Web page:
Example Category: Food
Strawberry → Yogurt → Tortilla → Apple (and so on)
This math game is great for older elementary students up to high school. One person chooses a number and writes it down where others cannot see. The guessers take turns offering guesses as to what number is written. The only hints that the writer can give is whether the written number is higher or lower than the numbers guessed.
Quick write – What if?
Get students writing with some fun “what if” scenarios. For quick writes, students do not have to worry about their spelling or grammar, giving them the freedom to write whatever comes to mind. Topics can range from silly to serious. See the table below to get you started.
|SILLY TOPICS||SERIOUS TOPICS|
|What if animals could talk?||What if you were on a deserted island? How would you survive?|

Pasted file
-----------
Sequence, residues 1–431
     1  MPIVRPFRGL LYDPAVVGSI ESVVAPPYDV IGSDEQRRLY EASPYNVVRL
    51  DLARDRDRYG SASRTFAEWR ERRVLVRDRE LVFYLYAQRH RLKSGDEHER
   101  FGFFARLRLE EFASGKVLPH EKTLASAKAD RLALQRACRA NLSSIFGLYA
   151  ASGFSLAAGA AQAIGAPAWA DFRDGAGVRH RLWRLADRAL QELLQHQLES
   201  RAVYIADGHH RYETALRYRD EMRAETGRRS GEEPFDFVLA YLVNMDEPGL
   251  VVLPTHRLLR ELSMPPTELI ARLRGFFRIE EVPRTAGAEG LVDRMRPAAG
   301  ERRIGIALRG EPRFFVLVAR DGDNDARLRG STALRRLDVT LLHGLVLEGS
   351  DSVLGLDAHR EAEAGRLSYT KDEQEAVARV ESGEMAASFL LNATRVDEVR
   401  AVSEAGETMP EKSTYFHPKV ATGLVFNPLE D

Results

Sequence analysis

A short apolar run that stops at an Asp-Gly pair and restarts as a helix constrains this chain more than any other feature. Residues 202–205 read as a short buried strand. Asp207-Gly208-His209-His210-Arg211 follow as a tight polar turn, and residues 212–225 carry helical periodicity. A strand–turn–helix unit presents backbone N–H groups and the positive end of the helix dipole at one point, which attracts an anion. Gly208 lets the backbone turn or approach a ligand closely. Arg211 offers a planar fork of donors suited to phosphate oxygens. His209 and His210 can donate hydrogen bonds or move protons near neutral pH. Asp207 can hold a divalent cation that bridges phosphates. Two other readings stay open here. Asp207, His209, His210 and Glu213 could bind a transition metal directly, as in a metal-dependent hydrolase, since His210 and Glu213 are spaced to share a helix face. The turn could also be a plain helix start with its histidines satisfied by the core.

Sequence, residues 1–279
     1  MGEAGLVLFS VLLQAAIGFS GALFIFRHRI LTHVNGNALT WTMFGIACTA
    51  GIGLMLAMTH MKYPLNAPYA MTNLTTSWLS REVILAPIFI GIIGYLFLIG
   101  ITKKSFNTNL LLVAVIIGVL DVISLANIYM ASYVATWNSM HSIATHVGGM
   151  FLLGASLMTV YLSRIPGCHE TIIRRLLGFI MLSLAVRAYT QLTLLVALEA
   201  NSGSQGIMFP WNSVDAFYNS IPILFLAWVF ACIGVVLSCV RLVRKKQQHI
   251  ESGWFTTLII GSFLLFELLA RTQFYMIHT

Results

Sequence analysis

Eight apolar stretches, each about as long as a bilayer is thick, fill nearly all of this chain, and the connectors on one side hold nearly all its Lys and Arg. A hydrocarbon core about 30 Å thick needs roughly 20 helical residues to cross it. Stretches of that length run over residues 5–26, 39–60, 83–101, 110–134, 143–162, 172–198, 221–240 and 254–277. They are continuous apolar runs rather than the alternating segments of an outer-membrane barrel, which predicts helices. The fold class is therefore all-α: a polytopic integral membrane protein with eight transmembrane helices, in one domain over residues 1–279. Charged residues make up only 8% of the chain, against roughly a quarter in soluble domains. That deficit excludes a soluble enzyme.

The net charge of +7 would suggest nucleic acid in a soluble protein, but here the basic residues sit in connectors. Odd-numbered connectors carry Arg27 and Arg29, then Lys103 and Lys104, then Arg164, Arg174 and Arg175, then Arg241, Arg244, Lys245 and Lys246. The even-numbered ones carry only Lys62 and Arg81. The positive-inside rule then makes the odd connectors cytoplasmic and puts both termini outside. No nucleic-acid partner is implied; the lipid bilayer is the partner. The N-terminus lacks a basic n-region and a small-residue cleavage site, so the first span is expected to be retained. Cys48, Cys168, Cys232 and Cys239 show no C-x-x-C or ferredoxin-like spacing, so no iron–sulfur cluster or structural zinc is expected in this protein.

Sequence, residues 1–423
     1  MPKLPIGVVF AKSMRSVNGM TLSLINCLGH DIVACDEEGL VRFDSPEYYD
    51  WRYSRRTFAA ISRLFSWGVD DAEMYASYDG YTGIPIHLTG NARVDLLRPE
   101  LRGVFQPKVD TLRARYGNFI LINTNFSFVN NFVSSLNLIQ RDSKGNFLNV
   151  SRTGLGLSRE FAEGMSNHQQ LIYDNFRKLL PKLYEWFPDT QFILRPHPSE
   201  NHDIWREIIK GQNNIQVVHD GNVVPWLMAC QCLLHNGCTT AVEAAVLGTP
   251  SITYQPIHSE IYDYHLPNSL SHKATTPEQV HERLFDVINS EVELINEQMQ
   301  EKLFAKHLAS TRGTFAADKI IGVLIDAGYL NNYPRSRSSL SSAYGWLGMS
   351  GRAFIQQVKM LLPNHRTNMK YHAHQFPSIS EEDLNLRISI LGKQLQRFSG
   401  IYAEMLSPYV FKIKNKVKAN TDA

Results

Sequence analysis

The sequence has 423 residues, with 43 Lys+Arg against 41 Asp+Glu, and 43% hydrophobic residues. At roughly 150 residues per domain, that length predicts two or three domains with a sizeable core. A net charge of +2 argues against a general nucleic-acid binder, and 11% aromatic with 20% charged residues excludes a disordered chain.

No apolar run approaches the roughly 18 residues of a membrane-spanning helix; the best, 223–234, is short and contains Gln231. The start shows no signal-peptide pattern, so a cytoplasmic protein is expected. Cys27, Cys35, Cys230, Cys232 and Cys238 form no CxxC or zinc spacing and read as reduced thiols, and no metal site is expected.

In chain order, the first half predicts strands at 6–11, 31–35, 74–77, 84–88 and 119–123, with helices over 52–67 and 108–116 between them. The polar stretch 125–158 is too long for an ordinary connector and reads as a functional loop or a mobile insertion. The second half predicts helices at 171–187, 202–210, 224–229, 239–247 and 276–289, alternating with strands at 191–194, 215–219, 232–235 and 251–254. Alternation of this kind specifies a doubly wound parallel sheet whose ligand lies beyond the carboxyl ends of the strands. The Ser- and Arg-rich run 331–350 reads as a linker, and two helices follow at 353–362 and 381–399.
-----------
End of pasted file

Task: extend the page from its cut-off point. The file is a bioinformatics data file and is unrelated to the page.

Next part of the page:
|What if you could be the teacher for a day?||What if humans could live on Mars?|
|What if you could fly? Where would you go?||What if you could visit any historical time period? Which would you choose & why?|
|What if you had one million dollars? How would you spend it?||What if we no longer had access to technology?|
Grab 5-10 items and arrange them on the floor or table. Have students take a look then close their eyes. Quickly hide one item. How quickly can they figure out which item is missing?
Have a fun dance party to shake those sillies out. You can make it a freeze dance kind of thing or just put on some music and let children move around for a few minutes.
Who doesn’t know the Macarena? Put on the song and get shaking with these dance moves. Next do the YMCA song.
Wall push ups
Have children push on the wall for ten seconds at a time or make a diagonal with your body and do wall push ups.
Trading places is fun! Have children take turns calling out traits or letters and trade places with a person whose name starts with that letter or who has that trait. (Example of a trait could be: someone with curly hair, a person wearing stripes, people with middle names, hair length, etc.)